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An Update on the Use of Animal Models in Diabetic Nephropathy Research

Authors
  • Betz, Boris1, 2
  • Conway, Bryan R.3
  • 1 University of Edinburgh, Centre for Inflammation Research, Edinburgh, Scotland , Edinburgh (United Kingdom)
  • 2 Jena University Hospital, Department of Clinical Chemistry and Laboratory Medicine, Jena, Germany , Jena (Germany)
  • 3 University of Edinburgh, Centre for Cardiovascular Science, Queen’s Medical Research Centre, 47 Little France Crescent, Edinburgh, EH16 4TJ, Scotland , Edinburgh (United Kingdom)
Type
Published Article
Journal
Current Diabetes Reports
Publisher
Springer-Verlag
Publication Date
Jan 27, 2016
Volume
16
Issue
2
Identifiers
DOI: 10.1007/s11892-015-0706-2
Source
Springer Nature
Keywords
License
Green

Abstract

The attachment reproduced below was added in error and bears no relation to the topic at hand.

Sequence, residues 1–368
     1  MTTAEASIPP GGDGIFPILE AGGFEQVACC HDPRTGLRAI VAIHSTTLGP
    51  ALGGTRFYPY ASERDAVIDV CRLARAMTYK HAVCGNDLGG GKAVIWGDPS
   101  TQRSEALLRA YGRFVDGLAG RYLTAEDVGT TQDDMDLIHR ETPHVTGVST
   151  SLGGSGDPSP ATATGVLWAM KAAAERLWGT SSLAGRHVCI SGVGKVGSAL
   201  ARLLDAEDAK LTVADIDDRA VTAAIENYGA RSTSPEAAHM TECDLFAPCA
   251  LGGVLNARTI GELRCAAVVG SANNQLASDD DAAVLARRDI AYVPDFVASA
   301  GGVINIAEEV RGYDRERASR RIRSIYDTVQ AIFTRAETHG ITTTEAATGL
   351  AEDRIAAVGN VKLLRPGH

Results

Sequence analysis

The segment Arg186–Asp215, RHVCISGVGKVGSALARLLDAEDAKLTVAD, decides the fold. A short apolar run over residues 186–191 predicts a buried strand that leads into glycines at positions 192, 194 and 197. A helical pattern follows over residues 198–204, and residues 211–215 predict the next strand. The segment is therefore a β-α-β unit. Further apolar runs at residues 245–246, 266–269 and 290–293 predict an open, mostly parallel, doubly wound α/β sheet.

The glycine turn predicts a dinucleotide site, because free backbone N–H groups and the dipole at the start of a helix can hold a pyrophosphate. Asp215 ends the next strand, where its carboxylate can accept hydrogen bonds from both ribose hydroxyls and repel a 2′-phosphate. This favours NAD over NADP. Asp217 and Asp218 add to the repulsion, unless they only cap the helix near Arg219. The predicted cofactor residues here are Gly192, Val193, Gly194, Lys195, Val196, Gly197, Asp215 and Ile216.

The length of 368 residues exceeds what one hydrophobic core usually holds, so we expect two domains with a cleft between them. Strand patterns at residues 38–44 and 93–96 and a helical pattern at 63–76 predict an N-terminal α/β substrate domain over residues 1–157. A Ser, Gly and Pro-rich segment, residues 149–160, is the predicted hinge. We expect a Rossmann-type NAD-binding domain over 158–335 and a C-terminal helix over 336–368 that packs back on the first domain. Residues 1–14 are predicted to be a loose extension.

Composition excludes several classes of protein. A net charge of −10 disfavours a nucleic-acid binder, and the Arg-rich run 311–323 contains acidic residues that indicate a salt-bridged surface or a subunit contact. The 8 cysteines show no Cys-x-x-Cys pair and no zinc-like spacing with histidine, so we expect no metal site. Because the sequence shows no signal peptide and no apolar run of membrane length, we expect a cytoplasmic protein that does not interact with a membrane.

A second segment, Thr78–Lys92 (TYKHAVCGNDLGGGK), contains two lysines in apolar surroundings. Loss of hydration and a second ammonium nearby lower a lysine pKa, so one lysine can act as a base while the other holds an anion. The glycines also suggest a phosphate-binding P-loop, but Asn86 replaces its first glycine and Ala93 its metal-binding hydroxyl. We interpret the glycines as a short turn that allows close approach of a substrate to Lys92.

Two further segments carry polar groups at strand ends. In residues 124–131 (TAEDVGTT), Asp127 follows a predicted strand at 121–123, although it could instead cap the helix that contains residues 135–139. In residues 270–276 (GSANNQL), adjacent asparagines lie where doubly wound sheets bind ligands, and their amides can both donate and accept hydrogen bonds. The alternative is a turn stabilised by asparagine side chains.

In the current review, we discuss limitations and recent advances in animal models of diabetic nephropathy (DN). As in human disease, genetic factors may determine disease severity with the murine FVB and DBA/2J strains being more susceptible to DN than C57BL/6J mice. On the black and tan, brachyuric (BTBR) background, leptin deficient (ob/ob) mice develop many of the pathological features of human DN. Hypertension synergises with hyperglycemia to promote nephropathy in rodents. Moderately hypertensive endothelial nitric oxide synthase (eNOS−/−) deficient diabetic mice develop hyaline arteriosclerosis and nodular glomerulosclerosis and induction of renin-dependent hypertension in diabetic Cyp1a1mRen2 rats mimics moderately severe human DN. In addition, diabetic eNOS−/− mice and Cyp1a1mRen2 rats recapitulate many of the molecular pathways activated in the human diabetic kidney. However, no model exhibits all the features of human DN; therefore, researchers should consider biochemical, pathological, and transcriptomic data in selecting the most appropriate model to study their molecules and pathways of interest.

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